By BOB ETTINGER
For the Star Beacon
Jefferson senior Ricker Maple has won enough matches in his wrestling career that he will finish his career with the second- or third-most victories in school history.
With two victories at the Eastern Ohio Wrestling League Tournanemt, Maple is 26-2 on the season and has run his career mark to 151-24 (.863).
“I know Kyle (Gilchrist) had 175 (wins),” Maple, the son of Kelly and Dave Kern and Warren Maple, said. “I didn’t think I’d get close to that. I had to keep working in the summer and the offseason. I never really had an offseason. I’m working in the spring and summer going to camps and stuff. I have a good partner in Joey Baitt to work with in practice.”
Despite all of the success, there’s still some business Maple needs to accomplish. In his first three seasons, Maple has missed the state tournament by one match.
“That makes you so hungry for the next year,” he said. “After my freshman year, I knew my sophomore year was going to be the year. I wanted it. I keep going because I can’t give up (on getting to state) after being so close.
“There’s more left I can accomplish.”
That unfinished business has, in its own way, helped Maple to reach his milestone in wins.
“Each year, I’ve done something more,” he said. “I’ve kept working hard at it.”
Maple knows just how fine the line between victory and defeat can be at the elite level.
“(Getting to state) is all about the big matches,” he said. “You have to step up. When you’re down there (at districts), one move costs or makes the match for you.
“You just have to get by one move or make one move. Down at that level, everyone’s equal. It’s just that one move that makes or breaks you. All of those other guys have worked just as hard as you have. You have to push yourself to make that one last move.”
Every move Maple makes is highly calculated.
“I have a couple different setups, but I’m always looking for knee picks and the high crotch,” Maple said. “From the top, I run arm bars and from the bottom, I regularly stand up. Everything I do when we’re neutral is based off making angles.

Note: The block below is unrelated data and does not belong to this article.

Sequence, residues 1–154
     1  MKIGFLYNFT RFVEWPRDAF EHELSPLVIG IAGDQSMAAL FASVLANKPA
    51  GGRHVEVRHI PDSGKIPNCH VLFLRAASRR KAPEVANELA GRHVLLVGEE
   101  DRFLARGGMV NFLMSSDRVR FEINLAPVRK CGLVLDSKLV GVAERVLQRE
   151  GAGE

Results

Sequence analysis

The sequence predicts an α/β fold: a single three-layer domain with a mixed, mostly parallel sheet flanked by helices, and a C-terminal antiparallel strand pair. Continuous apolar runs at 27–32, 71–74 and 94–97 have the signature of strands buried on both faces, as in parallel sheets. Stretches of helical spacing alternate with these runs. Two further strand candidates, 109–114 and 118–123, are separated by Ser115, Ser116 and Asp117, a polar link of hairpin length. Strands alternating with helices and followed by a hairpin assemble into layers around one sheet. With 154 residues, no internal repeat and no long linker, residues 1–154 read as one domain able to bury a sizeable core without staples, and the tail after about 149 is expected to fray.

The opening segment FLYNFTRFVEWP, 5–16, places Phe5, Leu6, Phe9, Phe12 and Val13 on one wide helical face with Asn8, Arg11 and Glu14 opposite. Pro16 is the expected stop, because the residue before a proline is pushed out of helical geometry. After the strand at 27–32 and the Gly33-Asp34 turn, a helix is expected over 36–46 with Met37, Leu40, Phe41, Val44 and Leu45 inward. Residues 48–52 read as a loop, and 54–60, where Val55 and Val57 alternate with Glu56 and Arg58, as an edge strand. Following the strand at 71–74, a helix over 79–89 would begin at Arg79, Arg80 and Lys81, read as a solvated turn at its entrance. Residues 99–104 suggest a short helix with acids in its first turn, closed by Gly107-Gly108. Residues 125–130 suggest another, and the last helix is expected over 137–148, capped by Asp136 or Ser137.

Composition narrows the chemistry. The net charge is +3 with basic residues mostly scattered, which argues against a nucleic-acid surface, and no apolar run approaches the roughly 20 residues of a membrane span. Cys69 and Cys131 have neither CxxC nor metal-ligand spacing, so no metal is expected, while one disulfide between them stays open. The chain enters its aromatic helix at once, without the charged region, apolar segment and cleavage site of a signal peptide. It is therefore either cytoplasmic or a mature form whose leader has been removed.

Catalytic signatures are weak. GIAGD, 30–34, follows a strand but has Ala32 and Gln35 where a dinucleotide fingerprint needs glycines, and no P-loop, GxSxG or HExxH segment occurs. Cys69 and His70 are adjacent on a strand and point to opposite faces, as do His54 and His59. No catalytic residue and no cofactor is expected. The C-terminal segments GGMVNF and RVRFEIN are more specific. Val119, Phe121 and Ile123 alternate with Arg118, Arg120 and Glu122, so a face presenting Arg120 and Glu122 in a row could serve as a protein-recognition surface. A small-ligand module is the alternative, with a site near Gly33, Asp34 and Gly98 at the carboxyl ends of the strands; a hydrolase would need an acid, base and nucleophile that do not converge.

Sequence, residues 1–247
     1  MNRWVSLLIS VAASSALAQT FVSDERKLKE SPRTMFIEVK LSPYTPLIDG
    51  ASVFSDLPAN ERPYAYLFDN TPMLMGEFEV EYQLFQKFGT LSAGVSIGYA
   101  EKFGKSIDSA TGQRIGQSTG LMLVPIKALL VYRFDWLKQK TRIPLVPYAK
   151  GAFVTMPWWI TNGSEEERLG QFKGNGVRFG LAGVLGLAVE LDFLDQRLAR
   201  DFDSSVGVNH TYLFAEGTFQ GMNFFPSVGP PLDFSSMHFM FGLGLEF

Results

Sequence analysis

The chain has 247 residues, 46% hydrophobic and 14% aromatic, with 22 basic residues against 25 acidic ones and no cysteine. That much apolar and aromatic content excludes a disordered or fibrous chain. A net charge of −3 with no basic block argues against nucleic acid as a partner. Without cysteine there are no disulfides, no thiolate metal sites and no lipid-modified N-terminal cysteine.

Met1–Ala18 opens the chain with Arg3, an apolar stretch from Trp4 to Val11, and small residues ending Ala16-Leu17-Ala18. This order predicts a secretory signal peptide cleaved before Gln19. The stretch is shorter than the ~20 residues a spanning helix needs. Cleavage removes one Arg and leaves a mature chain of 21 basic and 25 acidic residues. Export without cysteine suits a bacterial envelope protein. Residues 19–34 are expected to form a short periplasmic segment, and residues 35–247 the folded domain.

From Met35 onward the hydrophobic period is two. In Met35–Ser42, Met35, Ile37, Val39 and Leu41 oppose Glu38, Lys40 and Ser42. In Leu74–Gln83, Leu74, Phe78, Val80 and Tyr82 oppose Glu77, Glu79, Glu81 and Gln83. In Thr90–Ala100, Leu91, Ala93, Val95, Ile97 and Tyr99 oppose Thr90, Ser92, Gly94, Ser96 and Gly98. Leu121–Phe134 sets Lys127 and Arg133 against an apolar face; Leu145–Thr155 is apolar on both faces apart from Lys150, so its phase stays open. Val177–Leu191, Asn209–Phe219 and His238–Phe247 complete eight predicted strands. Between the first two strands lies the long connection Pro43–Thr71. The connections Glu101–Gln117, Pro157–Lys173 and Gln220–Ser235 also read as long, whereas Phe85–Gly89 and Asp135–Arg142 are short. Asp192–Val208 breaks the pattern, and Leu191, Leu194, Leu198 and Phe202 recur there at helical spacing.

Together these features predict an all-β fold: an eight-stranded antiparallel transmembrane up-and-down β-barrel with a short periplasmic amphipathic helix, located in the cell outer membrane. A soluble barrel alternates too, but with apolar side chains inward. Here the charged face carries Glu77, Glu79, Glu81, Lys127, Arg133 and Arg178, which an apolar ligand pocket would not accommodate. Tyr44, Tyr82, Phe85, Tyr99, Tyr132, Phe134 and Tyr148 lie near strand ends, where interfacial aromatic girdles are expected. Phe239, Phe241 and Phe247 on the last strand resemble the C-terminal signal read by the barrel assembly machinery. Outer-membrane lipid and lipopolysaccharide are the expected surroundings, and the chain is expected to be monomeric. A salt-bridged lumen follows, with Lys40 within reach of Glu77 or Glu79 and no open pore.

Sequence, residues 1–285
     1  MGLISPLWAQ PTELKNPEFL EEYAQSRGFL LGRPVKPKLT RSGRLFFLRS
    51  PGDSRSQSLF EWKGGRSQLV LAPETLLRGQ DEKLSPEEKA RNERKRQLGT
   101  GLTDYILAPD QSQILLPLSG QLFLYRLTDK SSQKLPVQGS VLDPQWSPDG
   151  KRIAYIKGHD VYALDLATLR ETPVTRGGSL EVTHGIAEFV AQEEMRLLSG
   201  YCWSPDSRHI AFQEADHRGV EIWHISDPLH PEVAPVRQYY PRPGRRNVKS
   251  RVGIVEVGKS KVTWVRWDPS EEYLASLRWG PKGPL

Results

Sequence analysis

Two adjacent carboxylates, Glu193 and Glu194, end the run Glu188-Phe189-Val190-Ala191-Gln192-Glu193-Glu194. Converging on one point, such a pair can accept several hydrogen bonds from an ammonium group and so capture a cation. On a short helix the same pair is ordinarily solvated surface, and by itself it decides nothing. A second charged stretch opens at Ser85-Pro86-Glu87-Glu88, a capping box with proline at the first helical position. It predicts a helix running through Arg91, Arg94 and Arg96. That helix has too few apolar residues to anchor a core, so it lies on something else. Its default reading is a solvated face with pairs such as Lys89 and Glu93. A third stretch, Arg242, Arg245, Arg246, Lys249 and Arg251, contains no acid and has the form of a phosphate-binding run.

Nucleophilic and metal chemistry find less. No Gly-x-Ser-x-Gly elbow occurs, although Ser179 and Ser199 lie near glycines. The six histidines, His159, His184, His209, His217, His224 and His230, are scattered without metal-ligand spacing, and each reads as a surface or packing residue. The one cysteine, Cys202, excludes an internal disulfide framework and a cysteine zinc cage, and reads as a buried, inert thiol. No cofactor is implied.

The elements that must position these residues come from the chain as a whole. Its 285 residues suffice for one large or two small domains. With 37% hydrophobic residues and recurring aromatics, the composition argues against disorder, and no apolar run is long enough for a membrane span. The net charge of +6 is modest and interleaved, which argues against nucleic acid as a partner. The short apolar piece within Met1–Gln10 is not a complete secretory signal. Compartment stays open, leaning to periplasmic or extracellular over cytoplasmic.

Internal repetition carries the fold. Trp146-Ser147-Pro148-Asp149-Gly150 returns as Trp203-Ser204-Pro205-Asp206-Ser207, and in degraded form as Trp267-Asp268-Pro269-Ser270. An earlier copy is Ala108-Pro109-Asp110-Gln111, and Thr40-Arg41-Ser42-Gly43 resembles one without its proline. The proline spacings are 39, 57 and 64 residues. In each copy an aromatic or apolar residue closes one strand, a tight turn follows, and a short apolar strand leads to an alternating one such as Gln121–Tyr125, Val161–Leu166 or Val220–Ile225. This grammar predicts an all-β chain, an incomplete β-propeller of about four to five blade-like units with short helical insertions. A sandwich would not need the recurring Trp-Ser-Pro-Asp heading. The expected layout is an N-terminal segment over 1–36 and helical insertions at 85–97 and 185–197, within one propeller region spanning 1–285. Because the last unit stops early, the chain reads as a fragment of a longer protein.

“I move the guy around, look for the open shot. I pull on their elbows and snap them down and that create angles. That’s pretty much all I’ve been taught by all my coaches. My offense is created by angles.”
Good competition and partners in practice has helped Maple.
“I would say a lot of the credit goes to (Joey Baitt, Jerry Scott, Troy Stitt, Rocky Tripodi and Blake Perry),” Maple said. “My coaches and even my family have pushed me. Without my friends and family to keep pushing me, I wouldn’t work as hard as I have.”
Avsec has been a good master for his student, Maple.
“I consider Coach Avsec like Yoda,” Maple said of the famed “Star Wars” sage. “He’s the all-knowing master of wrestling. He’s definitely a good guy and he knows what he’s talking about.”
The addition of Troy Smock as an assistant coach for the Falcons has been a blessing.
“I really like having him around,” Maple said. “He motivates us. He wrestles with us, well, he bangs us around sometimes. He always pushes us.
“He makes the atmosphere in the wrestling room different. He and his wife (Danielle) have done a lot for this team this year.”
In the offseason, a few men have helped Maple along the way.
“I was in seventh grade when Kyle was a senior and Iain (Gilchrist) coached me,” Maple said. “When I was in youth wrestling, and even when I was in junior high at states, he was in my corner coaching me. I always listen for him. He always gives me good advice. He pushes me and keeps me headed in the right direction.”
A rival high school coach, who happens to live not too far away from him, has also helped.
“I go to open tournaments with Scott Francis (who coaches at Kirtland and was formerly the head coach at Jefferson, where he still resides) and (his son, Kirtland star) Evan,” Maple said. “Me and Evan go everywhere. He’s my dual partner.
“(Scott’s) a great role model. He knows so much about wrestling. He’s always pushing me and Evan. Sometimes, we end up wrestling in his basement. He’s got mats down there.”
It hasn’t hurt Maple that he had the example of Kyle Gilchrist to follow.
“When we were at the old school, we were in the same wrestling room,” Maple said of the Columbia graduate. “I got to see how he worked, how he pushed the others, how he was a leader. I try to that, too.”
“Kyle wasn’t just a good athlete. He worked hard at school, too. Him going to college, I got to see, and from what I hear now, wrestling in college is making his life better.
“Now, I want to go and wrestle in college.”
Ettinger is a freelance writer from Ashtabula.